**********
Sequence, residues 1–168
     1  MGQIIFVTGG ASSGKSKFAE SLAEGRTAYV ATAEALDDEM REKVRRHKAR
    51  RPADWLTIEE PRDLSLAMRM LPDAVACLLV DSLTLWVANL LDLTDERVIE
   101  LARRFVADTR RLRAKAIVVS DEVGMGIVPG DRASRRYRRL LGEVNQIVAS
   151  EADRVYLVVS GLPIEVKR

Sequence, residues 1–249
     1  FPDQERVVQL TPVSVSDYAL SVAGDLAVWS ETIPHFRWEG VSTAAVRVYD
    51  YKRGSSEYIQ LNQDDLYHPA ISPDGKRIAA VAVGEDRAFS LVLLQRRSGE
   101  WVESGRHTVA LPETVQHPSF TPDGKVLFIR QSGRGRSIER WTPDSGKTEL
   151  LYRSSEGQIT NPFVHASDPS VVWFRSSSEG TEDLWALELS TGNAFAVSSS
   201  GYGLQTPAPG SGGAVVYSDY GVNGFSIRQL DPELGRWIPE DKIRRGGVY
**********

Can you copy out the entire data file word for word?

Sequence, residues 1–168
     1  MGQIIFVTGG ASSGKSKFAE SLAEGRTAYV ATAEALDDEM REKVRRHKAR
    51  RPADWLTIEE PRDLSLAMRM LPDAVACLLV DSLTLWVANL LDLTDERVIE
   101  LARRFVADTR RLRAKAIVVS DEVGMGIVPG DRASRRYRRL LGEVNQIVAS
   151  EADRVYLVVS GLPIEVKR

Sequence, residues 1–249
     1  FPDQERVVQL TPVSVSDYAL SVAGDLAVWS ETIPHFRWEG VSTAAVRVYD
    51  YKRGSSEYIQ LNQDDLYHPA ISPDGKRIAA VAVGEDRAFS LVLLQRRSGE
   101  WVESGRHTVA LPETVQHPSF TPDGKVLFIR QSGRGRSIER WTPDSGKTEL
   151  LYRSSEGQIT NPFVHASDPS VVWFRSSSEG TEDLWALELS TGNAFAVSSS
   201  GYGLQTPAPG SGGAVVYSDY GVNGFSIRQL DPELGRWIPE DKIRRGGVY